Zullo freaks out
Carl Gallups said something on his Freedom Friday show last week that made me do a double take. Gallups was reading [14:08] from the motion filed by Zullo’s attorney Larry Klayman before the 9th Circuit Court of Appeals:
The Appellate Mike Zullo is not a party to this case, but was never the less threatened by the appellees and by the presiding judge, the Honorable G. Murray Snow, with criminal prosecution while being called as a deposition witness and a trial witness…. [whispering] It’s about the birth certificate folks … After the plaintiff’s, appellees, and Judge Snow’s repeated suggestions and not-very-subtle requests that criminal prosecution should be initiated to include criminal prosecution of Zullo, mentioning him explicitly by name….
Paraphrasing, Gallups then said:
Zullo freaked out and said, “look, you’re calling me as a witness to something that I don’t really even have a part in, and then you’re telling me,‘now get up on the stand and testify and soon as you open your mouth and we hear something we don’t like, we’re gonna put you under arrest!’” You can’t do that in America, folks!
No, you can’t to that in America, Carl. So when does Klayman think this happened? He doesn’t say. His brief is devoid of quotations, dates and times—no specifics of any kind on this point. I’ve read the available court transcripts and excerpts, and Judge G. Murray Snow seemed to be extremely protective of Zullo’s rights. There weren’t any threats. There were no remarks about anybody arresting anyone. Zullo was required to answer just one single question in days of being on the stand, which was a follow-up to something he had previously said. Other than the follow-up, Zullo was allowed to pick and choose what he responded to.
I reached out to some other folks. One person who has access to the complete set of transcripts said that there is no basis in the transcripts for any claim of threats of arrest to Zullo. I asked someone who attended the hearing where Zullo testified, and he confirmed that he had no recollection of any such threat, but rather had the overall impression that the judge “bent over backwards” to respect Zullo’s rights.
So where does this come from? Did Klayman just flat out lie to the Circuit Court of Appeals? Has Klayman seen the transcripts? Is he relying on Zullo’s word? Would Klayman risk sanctions from the Court? Is Klayman telling a whopper the size of Texas? We have the answer to one of those questions: Klayman has not seen the transcripts because it says in his court filing that he was ordering the transcripts at the same time he made the filing.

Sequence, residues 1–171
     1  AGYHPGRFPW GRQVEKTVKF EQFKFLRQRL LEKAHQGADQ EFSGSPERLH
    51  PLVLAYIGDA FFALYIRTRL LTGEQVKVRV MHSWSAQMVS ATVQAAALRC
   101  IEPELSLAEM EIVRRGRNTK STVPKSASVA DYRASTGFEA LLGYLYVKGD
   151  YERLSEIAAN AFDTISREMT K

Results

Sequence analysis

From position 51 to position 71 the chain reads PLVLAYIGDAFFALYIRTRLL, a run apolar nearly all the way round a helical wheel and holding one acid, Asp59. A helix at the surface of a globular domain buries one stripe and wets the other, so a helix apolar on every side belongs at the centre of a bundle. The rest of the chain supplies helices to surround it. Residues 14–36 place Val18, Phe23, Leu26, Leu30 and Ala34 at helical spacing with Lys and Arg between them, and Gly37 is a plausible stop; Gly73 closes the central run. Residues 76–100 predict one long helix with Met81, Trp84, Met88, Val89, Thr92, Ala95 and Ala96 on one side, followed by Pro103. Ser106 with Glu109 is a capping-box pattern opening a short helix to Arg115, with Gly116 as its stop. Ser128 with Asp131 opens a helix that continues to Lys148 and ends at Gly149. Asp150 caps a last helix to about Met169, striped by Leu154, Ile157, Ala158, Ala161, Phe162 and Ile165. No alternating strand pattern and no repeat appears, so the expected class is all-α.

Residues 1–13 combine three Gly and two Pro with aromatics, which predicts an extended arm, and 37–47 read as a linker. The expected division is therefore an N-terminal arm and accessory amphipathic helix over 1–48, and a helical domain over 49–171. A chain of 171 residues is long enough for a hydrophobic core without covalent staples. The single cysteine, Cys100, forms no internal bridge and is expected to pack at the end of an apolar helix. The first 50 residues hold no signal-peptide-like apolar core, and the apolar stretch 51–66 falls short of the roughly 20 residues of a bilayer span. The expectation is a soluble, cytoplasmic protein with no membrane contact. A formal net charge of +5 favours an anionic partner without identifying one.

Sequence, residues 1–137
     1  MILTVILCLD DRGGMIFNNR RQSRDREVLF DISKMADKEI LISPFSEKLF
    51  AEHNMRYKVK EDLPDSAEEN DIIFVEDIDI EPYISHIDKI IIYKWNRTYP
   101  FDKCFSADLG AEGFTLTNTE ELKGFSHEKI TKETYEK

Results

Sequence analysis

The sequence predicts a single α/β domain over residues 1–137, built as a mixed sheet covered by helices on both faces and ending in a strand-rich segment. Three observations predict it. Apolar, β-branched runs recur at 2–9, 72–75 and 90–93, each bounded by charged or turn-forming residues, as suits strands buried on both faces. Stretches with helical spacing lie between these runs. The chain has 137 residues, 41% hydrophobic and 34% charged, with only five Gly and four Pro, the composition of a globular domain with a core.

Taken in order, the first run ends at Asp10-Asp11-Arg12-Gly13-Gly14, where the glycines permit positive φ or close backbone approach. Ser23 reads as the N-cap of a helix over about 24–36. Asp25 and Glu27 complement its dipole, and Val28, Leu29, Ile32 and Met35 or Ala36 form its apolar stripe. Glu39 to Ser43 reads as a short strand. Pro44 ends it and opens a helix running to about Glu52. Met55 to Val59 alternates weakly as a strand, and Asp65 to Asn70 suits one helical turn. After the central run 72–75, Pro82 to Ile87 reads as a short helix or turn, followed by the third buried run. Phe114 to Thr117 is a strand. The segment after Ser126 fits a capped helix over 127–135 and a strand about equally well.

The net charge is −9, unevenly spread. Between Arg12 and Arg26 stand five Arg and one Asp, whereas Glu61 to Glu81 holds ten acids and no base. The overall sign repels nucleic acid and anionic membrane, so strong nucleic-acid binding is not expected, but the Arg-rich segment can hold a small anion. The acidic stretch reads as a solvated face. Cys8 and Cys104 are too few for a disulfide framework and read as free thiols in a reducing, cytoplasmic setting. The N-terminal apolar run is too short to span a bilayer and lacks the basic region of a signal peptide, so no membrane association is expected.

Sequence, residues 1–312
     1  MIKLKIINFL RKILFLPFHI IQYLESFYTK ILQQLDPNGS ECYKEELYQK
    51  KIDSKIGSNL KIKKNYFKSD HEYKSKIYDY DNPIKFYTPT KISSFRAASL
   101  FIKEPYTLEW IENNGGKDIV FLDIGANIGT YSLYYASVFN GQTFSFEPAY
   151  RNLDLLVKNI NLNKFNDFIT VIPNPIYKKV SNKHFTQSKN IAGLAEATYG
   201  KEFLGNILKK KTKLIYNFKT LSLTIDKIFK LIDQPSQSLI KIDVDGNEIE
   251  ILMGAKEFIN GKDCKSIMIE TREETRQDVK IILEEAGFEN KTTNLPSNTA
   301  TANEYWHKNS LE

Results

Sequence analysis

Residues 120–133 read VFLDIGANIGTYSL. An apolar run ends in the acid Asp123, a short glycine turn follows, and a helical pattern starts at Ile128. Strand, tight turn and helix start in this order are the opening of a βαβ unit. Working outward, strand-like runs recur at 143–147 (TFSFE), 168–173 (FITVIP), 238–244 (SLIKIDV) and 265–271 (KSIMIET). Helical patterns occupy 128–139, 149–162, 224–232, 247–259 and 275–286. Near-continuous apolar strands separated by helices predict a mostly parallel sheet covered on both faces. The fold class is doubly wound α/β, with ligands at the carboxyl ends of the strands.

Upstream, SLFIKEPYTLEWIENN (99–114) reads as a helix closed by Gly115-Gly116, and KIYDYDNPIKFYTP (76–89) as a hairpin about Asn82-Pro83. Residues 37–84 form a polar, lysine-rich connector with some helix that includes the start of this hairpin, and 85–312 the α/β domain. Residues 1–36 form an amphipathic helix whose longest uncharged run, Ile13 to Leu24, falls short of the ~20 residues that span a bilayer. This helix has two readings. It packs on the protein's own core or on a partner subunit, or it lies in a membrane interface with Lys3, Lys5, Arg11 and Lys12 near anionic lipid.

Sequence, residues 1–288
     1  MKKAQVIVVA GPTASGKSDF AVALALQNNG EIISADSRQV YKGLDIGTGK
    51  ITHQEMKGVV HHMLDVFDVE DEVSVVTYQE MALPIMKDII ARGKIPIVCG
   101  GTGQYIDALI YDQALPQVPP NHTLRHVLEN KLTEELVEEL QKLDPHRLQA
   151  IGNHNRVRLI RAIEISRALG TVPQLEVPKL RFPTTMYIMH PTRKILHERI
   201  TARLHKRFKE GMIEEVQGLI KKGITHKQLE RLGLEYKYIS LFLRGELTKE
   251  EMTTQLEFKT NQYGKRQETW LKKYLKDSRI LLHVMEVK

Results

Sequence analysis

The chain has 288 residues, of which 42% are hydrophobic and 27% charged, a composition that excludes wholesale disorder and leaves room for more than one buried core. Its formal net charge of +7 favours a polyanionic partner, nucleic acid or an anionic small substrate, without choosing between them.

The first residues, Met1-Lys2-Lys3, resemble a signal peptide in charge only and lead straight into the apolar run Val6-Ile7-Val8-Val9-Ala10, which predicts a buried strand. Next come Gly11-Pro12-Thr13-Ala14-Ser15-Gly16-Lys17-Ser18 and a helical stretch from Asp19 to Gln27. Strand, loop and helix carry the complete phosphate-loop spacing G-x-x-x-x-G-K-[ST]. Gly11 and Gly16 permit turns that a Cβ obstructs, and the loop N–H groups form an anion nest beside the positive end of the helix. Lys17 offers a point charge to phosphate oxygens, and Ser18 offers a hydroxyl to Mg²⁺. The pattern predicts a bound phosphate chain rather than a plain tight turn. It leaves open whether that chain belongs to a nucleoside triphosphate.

Before Mike Zullo testified, he cited a plaintiffs footnote from an October 23 filing that talks about criminal prosecution of certain MCSO staff for possibly violating federal law in accepting classified documents from Montgomery. There is no mention of Zullo, but it is the item that Zullo seized upon early on as a basis for pleading the 5th amendment. The footnote says, in part,
Even more troubling, as the Court noted in a post-hearing status conference, the evidence indicates that Dennis Montgomery informed MCSO personnel—with Chief Deputy Sheridan’s knowledge—that he was using a database of information “harvested by the CIA and confiscated by him” in his investigation, and also purported to be tracking telephone calls between the Court, the Attorney General, the Assistant Attorney General, and the U. S. Attorney for the District of Arizona. Tr. of May 14 2015…. This implicates possible violations of federal criminal laws by MCSO personnel in the course of the MCSO-Montgomery investigation. [list of statutes follows]
It seems to me that that footnote is moot, since subsequent testimony made it abundantly clear that Montgomery never shared any confidential CIA data with MCSO (what he turned over was junk and a total fraud, the experts say), and this fact was known by Zullo before he testified. Not only was Zullo not “MCSO personnel” but that particular threat against them evaporated a month before in light of the evidence.
In any case, that footnote didn’t come from Judge Snow, and it does not mention Zullo “explicitly by name.” Indeed, it was raised only as a “possibility.” So where is the criminal threat against Zullo by Judge Snow coming from?
Here I can only speculate on convoluted birther reasoning. One possibility is the boiler plate form upon which the subpoena to Mike Zullo was written. The Subpoena states: “The following provisions of Fed. R. Civ. P. 45 are attached, … Rule 45(e) and (g), relating to your duty to respond to this subpoena and the potential consequences of not doing so.” [Emphasis added.] The consequences from Rule 45(g) listed on the subpoena are:
(g) Contempt. The court for the district where compliance is required—and also, after a motion is transferred, the issuing court—may hold in contempt a person who, having been served, fails without adequate excuse to obey the subpoena or an order related to it.
Ultimately the authority for the subpoena comes from Judge Snow, and Zullo could have been held in criminal contempt if he had failed to show up, and Zullo could have been subject to criminal prosecution if he lied on the stand.
Judge Snow also said that it is possible that non-parties might be referred for criminal prosecution, presumably MCSO staff who participated in obstructing the judge’s order; however, Zullo was never mentioned in this context, and as I pointed out before, the area of Zullo’s involvement with Montgomery’s alleged CIA data turned out to be false.
Ultimately my investigation shows that the entire criminal threat explicitly by name to Mike Zullo and from Judge G. Murray Snow is total bull.